The exact choice of extra colours varies by manufacturer, but in addition to white – for use on coloured or transparent substrates – and clear – used to create flood or spot varnish effects – fluorescent or ‘neon’ colours are offered, particularly pink and sometimes yellow. These can replace or be mixed with their standard CMYK equivalents to expand the colour gamut for more eye-catching effects. A few offer metallic toners too, which again can be printed solid or mixed to provide novel colours and finishes.


After the event

Post-press options are more about foiling, spot varnish and various creative lamination processes, often in combination. A good entry-level choice here is foil-over-toner, a two-pass method that uses ‘real’ foil in a laminator like Vivid’s Matrix models or those from Caslon, Foliant (sold via IFS), Komfi (from Friedheim) or Autobond. Similar options also come from GMP and Intec, now part of the Plockmatic group.

Cause and effect

An entry-level option for foil-over-toner is Vivid’s Matrix, seen here at a trade show

In these, the initial colour print is first laminated with a clear film, then printed again with the foil pattern in black toner on top of the film, before a second pass through the laminator transfers the foil to the partially melted black toner. It’s a more labour-intensive process but it works with a very wide range of foil types and doesn’t require special consumables.

Then there are the fully ‘digital’ embellishment devices that offer spot UV and/or foiling in a single operation. This category includes devices like Duplo’s B2 DuSense 8000, which is offered in various configurations providing spot UV, digital foiling or both, including a pre-treatment option for expanding the types of print that can be handled. It’s also possible to build up textured ‘3D’ effects with multiple passes, which the smaller B3 DuSense 810 also supports. An alternative is the B3+ Konica Minolta AccurioShine 3600, which uses technology from MGI, in which Konica Minolta holds a significant stake. It too can produce ‘dimensional’ effects.

At the top end of the digital embellishment market are the ranges from Konica Minolta/MGI and Scodix. These are dedicated industrial production devices that offer UV varnish and foiling, with Scodix offering a particularly wide range of foils and finished effects, while MGI’s line goes up to B1 sheet size in the form of the print-and-embellish AlphaJet that was formally launched in October 2022. Kurz is another player at the industrial end of the scale, having bought Steinemann, whose inkjet varnish and foiling systems it was already marketing as Digital Metal. These include the sheet-fed B2 DM-Smartliner for 2D flat varnishing and foiling and the DM-Maxliner for raised and textured effects.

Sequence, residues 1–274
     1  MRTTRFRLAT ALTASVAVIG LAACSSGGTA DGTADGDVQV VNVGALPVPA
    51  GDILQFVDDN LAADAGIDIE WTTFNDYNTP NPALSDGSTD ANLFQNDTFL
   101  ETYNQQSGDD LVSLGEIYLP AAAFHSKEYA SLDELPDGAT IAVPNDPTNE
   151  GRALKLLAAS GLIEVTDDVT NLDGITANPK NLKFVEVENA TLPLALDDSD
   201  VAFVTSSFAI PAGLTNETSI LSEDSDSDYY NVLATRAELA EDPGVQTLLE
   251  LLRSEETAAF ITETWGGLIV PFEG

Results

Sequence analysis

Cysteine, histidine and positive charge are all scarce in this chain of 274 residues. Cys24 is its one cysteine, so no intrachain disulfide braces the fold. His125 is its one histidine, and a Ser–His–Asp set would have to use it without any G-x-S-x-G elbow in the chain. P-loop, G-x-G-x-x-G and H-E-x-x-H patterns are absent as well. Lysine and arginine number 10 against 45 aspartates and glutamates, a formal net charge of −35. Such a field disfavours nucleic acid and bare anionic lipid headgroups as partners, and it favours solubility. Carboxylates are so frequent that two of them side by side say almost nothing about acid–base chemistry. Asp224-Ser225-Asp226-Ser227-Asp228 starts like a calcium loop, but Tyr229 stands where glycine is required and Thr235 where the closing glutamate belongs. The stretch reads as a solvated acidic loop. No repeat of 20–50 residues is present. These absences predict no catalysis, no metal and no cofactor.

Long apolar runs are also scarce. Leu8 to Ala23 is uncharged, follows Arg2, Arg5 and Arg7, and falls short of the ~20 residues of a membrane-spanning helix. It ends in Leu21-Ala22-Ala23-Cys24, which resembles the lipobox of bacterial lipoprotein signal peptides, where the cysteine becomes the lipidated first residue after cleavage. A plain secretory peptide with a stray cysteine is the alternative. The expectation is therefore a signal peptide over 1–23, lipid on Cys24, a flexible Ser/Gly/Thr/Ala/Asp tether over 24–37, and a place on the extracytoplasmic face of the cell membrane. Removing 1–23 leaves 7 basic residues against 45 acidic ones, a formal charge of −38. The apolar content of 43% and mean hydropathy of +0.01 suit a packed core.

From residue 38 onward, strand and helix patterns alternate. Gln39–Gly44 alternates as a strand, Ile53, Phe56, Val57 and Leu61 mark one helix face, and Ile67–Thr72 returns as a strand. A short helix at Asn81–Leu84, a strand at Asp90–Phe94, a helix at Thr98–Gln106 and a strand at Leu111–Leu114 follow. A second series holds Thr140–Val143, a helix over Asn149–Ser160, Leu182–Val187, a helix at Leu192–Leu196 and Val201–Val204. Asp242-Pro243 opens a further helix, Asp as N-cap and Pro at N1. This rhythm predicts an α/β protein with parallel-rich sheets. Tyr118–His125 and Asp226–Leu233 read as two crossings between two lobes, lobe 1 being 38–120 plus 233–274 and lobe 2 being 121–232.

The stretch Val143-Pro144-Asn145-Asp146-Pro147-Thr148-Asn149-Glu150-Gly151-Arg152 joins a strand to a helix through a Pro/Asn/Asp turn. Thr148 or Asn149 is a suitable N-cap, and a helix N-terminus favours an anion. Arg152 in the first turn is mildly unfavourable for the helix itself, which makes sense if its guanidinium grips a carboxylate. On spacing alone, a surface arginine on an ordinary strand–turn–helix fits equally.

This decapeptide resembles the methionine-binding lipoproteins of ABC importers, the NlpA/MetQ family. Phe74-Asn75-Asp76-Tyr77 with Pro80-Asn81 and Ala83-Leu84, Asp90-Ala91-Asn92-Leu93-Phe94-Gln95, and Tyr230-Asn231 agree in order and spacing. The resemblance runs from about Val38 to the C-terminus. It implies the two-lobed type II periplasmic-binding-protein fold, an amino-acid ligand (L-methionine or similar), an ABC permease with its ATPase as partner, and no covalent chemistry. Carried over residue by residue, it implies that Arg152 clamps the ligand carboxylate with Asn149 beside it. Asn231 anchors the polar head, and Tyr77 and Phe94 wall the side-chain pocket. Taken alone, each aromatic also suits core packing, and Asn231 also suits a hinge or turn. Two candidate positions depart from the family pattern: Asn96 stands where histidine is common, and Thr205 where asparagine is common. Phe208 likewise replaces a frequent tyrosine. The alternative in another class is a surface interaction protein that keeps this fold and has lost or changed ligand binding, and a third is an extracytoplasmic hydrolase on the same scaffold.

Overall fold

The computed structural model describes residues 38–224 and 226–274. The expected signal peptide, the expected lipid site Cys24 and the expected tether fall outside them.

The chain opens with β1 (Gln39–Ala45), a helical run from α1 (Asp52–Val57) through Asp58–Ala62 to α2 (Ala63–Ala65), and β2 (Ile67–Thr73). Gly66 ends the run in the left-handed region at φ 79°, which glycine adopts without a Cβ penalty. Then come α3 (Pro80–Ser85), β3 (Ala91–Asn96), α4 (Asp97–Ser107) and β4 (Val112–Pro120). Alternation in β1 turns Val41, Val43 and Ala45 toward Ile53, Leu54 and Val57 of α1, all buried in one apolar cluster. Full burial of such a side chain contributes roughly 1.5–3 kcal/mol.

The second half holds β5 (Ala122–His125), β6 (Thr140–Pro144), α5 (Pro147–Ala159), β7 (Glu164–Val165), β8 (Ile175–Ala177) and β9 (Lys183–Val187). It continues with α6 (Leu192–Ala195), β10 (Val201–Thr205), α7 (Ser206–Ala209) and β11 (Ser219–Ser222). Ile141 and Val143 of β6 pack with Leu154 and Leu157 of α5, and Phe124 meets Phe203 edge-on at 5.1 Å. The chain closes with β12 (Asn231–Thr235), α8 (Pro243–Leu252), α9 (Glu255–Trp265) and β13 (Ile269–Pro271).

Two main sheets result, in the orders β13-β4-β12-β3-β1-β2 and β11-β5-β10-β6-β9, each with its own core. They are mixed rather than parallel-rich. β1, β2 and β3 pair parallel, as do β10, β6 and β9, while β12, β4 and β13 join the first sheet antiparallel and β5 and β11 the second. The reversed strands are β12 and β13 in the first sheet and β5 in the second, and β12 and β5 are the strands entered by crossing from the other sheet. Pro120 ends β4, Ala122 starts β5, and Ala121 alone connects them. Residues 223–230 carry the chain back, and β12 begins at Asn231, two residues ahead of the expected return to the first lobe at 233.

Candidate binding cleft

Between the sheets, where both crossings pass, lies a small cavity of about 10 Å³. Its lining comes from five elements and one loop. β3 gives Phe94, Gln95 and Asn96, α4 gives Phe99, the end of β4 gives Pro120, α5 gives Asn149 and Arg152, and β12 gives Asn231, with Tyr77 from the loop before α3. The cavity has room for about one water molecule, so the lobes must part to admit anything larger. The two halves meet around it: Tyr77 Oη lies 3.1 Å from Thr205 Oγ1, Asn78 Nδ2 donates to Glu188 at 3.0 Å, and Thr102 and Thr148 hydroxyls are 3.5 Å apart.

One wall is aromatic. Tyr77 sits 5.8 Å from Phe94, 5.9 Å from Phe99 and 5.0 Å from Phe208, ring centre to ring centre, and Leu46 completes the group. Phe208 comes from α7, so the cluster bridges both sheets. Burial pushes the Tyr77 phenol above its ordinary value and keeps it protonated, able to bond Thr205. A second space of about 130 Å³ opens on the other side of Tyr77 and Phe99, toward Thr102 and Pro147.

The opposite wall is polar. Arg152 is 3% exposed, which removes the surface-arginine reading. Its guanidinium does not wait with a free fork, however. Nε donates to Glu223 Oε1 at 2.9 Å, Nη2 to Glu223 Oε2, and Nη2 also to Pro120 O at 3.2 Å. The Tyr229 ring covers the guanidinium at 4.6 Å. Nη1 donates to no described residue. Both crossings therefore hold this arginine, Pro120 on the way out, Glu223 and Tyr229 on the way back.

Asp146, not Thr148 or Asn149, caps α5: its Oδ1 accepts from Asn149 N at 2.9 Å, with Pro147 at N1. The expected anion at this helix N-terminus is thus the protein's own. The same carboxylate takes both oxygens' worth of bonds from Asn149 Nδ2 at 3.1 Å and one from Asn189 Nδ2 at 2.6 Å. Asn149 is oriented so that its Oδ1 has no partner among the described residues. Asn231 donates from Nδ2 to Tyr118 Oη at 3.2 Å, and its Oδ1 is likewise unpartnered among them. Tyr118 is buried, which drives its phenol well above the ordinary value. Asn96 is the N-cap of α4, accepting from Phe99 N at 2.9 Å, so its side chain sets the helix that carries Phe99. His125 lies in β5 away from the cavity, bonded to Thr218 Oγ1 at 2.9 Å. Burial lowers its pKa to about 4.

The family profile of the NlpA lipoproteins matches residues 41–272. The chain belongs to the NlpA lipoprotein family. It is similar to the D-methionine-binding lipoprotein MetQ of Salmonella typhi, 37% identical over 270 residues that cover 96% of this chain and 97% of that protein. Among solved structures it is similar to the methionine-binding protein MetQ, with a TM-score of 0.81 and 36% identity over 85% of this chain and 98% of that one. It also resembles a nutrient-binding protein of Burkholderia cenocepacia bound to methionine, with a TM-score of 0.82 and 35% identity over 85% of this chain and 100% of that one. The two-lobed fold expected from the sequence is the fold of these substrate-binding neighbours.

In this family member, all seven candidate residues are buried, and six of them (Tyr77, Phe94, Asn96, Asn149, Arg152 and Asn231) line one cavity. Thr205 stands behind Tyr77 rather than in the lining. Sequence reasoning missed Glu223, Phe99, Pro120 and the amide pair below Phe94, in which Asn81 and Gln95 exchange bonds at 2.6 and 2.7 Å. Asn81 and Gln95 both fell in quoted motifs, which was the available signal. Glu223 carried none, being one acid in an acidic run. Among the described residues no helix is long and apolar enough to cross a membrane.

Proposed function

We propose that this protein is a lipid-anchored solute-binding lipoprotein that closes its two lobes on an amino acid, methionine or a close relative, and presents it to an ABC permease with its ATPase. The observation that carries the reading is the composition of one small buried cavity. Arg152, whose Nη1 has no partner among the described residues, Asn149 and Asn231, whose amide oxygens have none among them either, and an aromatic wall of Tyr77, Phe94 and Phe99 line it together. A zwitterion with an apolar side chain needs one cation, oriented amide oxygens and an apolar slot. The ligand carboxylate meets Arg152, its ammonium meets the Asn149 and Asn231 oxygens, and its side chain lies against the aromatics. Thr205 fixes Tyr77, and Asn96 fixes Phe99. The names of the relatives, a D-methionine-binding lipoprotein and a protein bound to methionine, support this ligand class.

Whether you’re just ready to dip a toe into digital embellishment and cautious with the investment, or know that you’ve got a ready market for it but need to be sure it’s good enough and fast enough to meet your customers’ needs, there should be something to suit and help your work shine.


Preparing files for embellishment

All digital embellishment processes require ‘artwork’ to control where the effects are applied. Usually this means creating additional layers in the originating applications and/or print PDFs, though some vendors offer DFE-based tools to create embellishment guides or colour substitutions from standard PDFs on-the-fly.

Andrew Bailes-Collins of Ultimate Technographics, which makes imposition, nesting and ganging software, has written a handy guide to preparing generic PDFs that should process correctly through most embellishment vendors’ DFEs and thus avoid some of the common pitfalls that require manual reworking in the prepress studio.

Called PDF Creation for Digital Embellishment, it covers the use of spot colours, layers, knock-out and overprint and choice of correct versions of PDF for hand-off. It’s available free from Ultimate Technographics’ website.